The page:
The Association of American Physicians has elected Oklahoma Medical Research Foundation Vice President of Clinical Affairs Judith James, M.D., Ph.D., as a member.
James, an immunologist and board-certified rheumatologist, leads OMRF’s Arthritis and Clinical Immunology Research Program. The honor recognizes her excellence in the pursuit of medical knowledge and the advancement of clinical science in her 27 years as a physician-scientist.
A graduate of the University of Oklahoma Health Sciences Center and a native of Pond Creek, Oklahoma, James joined OMRF’s scientific staff in 1994. Since then, she has gained international recognition for her work in predicting and preventing lupus, a devastating autoimmune disease that occurs when the immune system becomes unbalanced.
“Dr. Judith James is one of the most outstanding physician-scientists of her generation,” said University of Colorado Denver Head of Rheumatology V. Michael Holers, M.D., who nominated James for the honor. “She has performed groundbreaking research to help us understand how autoimmune diseases develop and can be treated using innovative new strategies.”
James was part of the team of investigators who first demonstrated the presence of lupus autoantibodies in the blood before clinical symptoms of the disease. Her research has resulted in OMRF’s designation as a National Institutes of Health Autoimmunity Center of Excellence, one of only 10 nationwide.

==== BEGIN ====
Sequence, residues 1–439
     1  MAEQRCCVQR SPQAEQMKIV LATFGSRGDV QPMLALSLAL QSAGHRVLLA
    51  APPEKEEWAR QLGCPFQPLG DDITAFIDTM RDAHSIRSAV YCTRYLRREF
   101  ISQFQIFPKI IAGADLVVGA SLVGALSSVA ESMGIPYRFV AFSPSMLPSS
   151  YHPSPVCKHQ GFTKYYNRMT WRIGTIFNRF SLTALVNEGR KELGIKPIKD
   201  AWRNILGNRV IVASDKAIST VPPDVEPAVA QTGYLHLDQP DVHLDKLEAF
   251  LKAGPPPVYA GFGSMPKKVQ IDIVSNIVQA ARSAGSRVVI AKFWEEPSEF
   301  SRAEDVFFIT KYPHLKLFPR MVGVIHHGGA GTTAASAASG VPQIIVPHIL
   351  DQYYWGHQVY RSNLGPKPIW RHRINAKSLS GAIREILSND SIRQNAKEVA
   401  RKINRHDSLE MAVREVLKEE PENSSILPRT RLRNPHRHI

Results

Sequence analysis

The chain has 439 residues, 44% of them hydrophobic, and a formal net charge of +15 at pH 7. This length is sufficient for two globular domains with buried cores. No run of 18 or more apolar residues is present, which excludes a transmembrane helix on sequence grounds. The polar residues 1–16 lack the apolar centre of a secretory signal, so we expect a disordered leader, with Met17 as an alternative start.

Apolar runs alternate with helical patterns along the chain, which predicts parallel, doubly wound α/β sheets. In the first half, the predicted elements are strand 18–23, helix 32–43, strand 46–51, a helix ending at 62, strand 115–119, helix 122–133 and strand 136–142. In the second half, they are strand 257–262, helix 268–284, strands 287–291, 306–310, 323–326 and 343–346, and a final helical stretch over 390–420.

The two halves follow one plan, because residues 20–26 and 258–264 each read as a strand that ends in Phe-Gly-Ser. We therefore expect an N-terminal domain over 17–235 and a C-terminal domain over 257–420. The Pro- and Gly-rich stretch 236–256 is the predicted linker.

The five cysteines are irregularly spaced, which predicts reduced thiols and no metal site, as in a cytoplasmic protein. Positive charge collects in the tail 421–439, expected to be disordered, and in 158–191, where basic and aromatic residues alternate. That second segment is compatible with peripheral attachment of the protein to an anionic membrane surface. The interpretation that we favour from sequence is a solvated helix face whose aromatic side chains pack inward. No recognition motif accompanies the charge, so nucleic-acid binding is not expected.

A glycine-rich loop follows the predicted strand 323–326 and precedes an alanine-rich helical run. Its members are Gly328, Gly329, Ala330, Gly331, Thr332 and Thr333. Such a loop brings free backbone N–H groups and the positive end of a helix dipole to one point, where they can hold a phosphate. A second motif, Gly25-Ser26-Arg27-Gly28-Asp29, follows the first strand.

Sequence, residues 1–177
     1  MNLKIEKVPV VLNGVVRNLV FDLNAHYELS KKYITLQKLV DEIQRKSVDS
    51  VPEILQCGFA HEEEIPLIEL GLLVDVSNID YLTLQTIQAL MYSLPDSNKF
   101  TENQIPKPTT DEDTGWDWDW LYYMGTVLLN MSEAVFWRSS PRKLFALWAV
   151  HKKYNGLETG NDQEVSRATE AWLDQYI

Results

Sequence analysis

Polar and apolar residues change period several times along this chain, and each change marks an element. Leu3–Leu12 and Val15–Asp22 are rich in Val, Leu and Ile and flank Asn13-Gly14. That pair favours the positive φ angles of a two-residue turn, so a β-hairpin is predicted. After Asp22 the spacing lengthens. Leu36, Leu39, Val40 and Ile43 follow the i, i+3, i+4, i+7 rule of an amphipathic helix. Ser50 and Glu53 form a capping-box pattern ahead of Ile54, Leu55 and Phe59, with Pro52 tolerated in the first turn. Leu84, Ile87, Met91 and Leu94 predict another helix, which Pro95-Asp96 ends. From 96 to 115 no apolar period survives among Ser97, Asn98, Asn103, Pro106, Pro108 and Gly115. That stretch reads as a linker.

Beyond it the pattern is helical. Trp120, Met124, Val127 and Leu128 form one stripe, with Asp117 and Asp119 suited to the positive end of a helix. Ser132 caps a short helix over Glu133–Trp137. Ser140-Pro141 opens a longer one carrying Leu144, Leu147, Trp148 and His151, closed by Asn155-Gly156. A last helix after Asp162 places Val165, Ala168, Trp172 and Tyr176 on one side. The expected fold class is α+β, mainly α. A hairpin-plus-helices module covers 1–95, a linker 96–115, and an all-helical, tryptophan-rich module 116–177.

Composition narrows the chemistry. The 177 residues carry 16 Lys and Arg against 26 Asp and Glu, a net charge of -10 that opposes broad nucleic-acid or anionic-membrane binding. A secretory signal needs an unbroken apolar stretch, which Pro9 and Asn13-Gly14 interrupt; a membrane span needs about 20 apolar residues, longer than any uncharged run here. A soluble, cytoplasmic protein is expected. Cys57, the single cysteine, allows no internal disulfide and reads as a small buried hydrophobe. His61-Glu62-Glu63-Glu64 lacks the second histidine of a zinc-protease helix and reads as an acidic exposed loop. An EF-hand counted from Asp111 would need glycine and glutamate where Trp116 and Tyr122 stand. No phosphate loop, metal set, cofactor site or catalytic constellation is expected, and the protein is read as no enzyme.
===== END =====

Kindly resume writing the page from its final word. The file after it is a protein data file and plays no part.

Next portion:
“Dr. James is a true leader in medical research,” said OMRF President Stephen M. Prescott, M.D. “She has dedicated her life to cracking the code of some of the most puzzling diseases of our time. This honor recognizes the impact she has made both in the laboratory and in the lives of patients around the world.”
James has also begun studying Covid-19 and autoimmunity. She is investigating why the virus seems to strike tribal populations disproportionately and whether it may lead to autoimmune conditions.
In addition to her scientific accomplishments, James has excelled as a mentor for students and postdoctoral fellows, with a particular emphasis on training American Indian and rural students for careers in medicine, biomedical research and related fields.
“My focus is on improving the lives of people living with autoimmune diseases, and none of it would be possible without our amazing patients and study participants,” said James. “This recognition from the AAP is truly a nod to the work accomplished by my wonderful research team that includes many investigators, research staff, analytic personnel, clinicians, clinical personnel and trainees.”
James joins eight other Oklahoma physicians — including OMRF’s Prescott and OMRF Vice President of Research Rodger McEver, M.D. — as members of the association.
The AAP’s mission is to inspire physician-led research across all fields of science related to medicine and health and to build a community of physician-scientists supporting objective science and evidence as foundations for improving patient care.